Environmental Product Declarations (EPD)
for textile floor coverings
Video: What is an EPD?
(Environmental Product Declaration in Detail)
As well as generic EPDs of ‘typical’ types of textile floor coverings, GUT also prepares product-specific EPDs for individual manufacturers. Each EPD is based on the same harmonised PCR information therefore the environmental impacts of each product is transparent, independent, understandable and comparable. By using the IBU format, the EPDs comply with future EU standards and are valid throughout the EU. The EPDs can be used by planners, architects, construction companies, building owners and other experts to assess the sustainability of buildings.
GUT has been responsible for the development of EPDs for over 10 years and, to date, more than 350 product specific EPDs have been published. Therefore, numerous expert opinions based on LCA data have been carried out across the industry on the impact of different raw materials, production processes and methods of disposal. For the French market, so-called FDES documents (Fiche de Déclaration Environnementale et Sanitaire = Environmental and Health Declaration) are also being prepared.
How is an EPD created?
The three steps to an EPD
A forum of experts and manufacturers for a specific product group is set up and a draft document for the PCR (Product Category Rules) is prepared. The product is defined and the typical environmental impacts expected are identified. Simultaneously, the public and any other interested parties will be informed and asked for input which will be incorporated into the initial draft. This will be checked for consistency between the experts and manufacturers to ensure it meets all requirements. If there is already a PCR document for the relevant product group, this stage will not be necessary.
At this point, the manufacturer provides all the information required for the PCR document together with evidence of the tests completed. The PCR also acts to regulate the test procedures and LCA methodology. Once this is completed and checked, the EPD is created.
The EPD is examined by an ‘Expert Committee’ and then each individual EPD is verified by an independent third party to ensure that the information is objective and accurate. The programme holder, IBU (Institut für Bauen und Umwelt e.V.), does not have any influence over the EPD results, but only publishes the declarations that have been accepted from the expert committee. All currently valid EPDs (published by IBU) can be found on the IBU website and in the EPD-Online Tool after you have registered there free of charge.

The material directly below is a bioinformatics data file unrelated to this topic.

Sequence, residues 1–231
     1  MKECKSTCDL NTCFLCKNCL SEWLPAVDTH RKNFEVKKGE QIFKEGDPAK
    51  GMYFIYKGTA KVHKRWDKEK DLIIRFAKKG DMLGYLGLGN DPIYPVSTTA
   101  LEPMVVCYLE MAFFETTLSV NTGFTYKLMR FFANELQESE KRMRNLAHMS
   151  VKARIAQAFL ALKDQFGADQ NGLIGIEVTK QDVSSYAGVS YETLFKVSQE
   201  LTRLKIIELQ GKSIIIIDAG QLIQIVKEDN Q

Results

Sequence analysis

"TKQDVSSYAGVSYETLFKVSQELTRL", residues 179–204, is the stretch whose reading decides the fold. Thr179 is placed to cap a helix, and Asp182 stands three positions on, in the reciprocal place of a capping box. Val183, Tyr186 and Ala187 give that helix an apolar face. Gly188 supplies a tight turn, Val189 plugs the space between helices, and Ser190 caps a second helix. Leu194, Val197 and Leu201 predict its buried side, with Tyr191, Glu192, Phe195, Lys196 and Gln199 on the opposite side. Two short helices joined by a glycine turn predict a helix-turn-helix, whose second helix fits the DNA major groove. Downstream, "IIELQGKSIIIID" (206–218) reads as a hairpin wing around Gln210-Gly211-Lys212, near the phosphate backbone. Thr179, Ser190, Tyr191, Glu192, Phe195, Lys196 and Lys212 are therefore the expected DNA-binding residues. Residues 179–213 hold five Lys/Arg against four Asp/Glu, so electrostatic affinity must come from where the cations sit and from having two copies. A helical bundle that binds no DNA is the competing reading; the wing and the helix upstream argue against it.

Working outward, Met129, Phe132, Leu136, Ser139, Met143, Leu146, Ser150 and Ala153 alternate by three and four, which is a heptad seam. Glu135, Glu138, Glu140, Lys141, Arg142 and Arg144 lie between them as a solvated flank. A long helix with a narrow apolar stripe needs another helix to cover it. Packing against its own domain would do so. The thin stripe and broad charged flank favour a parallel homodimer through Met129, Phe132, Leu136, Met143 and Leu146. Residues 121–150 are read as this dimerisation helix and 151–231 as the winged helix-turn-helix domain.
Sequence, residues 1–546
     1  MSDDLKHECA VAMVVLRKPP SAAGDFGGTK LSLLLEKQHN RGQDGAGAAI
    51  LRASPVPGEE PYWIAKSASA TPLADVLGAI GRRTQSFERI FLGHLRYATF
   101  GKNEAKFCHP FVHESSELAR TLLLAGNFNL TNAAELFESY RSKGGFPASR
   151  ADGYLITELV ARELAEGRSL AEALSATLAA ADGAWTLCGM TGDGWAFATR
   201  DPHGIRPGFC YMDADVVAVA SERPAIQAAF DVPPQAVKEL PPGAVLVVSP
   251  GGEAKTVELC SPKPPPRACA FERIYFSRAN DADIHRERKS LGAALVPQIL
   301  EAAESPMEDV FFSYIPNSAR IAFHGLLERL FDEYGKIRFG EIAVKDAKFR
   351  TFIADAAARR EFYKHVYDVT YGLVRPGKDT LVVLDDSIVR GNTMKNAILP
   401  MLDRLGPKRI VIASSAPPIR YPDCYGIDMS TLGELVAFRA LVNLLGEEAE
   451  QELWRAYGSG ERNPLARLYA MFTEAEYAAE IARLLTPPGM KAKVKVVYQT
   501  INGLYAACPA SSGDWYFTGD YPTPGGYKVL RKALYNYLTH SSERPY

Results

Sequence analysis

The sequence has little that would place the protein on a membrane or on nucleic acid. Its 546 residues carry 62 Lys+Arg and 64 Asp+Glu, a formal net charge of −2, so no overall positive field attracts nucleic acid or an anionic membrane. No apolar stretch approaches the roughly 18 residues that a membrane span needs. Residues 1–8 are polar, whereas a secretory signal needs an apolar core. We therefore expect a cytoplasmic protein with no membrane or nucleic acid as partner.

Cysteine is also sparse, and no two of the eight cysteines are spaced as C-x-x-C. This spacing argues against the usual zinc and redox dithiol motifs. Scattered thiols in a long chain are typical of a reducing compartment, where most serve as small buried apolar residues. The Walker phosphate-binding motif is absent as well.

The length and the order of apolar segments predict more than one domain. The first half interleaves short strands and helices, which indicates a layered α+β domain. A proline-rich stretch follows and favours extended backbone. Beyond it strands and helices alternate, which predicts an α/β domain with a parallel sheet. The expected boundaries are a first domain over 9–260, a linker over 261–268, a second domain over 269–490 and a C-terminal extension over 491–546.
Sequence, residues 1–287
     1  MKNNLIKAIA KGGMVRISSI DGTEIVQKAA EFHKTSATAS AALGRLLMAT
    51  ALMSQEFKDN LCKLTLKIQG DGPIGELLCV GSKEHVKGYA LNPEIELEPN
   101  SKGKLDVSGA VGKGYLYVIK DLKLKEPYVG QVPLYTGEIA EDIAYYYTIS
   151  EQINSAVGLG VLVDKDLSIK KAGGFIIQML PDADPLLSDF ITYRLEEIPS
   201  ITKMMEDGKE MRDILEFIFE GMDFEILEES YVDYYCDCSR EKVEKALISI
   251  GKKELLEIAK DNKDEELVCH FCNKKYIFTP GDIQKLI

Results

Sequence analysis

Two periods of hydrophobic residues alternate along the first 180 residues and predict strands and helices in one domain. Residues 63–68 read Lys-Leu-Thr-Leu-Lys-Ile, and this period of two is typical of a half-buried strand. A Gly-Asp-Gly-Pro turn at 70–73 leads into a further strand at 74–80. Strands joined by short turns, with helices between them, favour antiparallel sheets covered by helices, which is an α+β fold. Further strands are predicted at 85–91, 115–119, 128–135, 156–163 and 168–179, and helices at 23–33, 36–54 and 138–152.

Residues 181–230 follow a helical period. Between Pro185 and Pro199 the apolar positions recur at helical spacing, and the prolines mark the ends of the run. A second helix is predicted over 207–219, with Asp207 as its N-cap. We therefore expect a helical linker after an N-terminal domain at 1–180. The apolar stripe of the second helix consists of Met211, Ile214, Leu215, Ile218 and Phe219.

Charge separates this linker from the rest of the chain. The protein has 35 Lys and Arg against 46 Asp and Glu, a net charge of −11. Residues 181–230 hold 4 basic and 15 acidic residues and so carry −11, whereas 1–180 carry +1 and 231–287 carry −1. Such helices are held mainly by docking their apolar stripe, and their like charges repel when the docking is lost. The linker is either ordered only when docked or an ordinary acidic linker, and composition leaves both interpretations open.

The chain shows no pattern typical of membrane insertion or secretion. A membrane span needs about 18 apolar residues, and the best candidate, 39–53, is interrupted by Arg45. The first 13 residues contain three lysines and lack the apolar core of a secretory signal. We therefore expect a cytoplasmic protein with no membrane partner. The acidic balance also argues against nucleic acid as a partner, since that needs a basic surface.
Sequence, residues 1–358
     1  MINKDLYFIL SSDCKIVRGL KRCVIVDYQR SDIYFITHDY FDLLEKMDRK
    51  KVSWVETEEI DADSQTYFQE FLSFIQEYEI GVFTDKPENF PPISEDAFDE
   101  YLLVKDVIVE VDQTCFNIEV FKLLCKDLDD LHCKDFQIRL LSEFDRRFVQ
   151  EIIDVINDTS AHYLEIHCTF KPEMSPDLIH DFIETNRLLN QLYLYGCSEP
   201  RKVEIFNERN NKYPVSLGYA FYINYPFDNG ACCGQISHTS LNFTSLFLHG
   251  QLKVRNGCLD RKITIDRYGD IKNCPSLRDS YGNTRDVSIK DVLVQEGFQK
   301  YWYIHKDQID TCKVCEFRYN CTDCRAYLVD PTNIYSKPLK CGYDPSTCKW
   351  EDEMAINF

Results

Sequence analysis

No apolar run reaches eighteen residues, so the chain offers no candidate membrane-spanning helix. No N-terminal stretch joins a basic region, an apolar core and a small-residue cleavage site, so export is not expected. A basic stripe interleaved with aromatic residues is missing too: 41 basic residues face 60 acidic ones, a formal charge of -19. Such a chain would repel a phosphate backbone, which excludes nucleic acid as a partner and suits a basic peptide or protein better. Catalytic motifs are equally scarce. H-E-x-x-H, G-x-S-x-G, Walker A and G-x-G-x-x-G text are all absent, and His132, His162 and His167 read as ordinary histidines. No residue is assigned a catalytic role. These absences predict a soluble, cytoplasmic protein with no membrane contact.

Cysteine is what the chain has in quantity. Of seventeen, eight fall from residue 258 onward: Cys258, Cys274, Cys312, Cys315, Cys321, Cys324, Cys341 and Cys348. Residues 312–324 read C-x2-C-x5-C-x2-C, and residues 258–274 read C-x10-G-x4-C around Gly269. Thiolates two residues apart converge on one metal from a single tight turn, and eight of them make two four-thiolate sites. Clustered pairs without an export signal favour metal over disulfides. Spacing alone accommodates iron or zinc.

Video: EPDs - from Construction Products to Sustainable Buildings
Key questions about an EPD for textile floor coverings
The EPD describes the entire life cycle of a textile floor covering and the environmental impact at each stage; including the choice of raw materials, production methods, transport, installation and in-use. It also assesses the impacts at end of life and disposal including different recycling options.
The EPD is a voluntary Type III environmental labelling scheme that provides product information based on independently prepared LCA’s and is therefore not a certificate. The EPD enables a transparent, understandable comparison to be made between products of a similar type and function but it does not evaluate the product properties. The data is defined by ISO 14025 in terms of quality and format.
EPDs are based on two standards: ISO 14025 and EN 15804.
EPDs are a voluntary Type III environmental declaration. ISO 14025 defines the principles and procedures in order to prepare an EPD.
The product category rules (PCR) which are specifically for construction products and which are needed for an EPD, are based on EN 15804
As EPDs comply with an ISO standard, comparisons can easily be made between products with the same function.
Product Category Rules (PCRs) form the basis for EPDs. Each product category needs specific rules to enable comparisons to be made between different products with the same function and between EPDs. PCRs define the individual steps of the calculation and highlight the key points such as the scope and relevant documents relating to the environmental impacts of the product life cycle.
An EPD is limited to 5 years.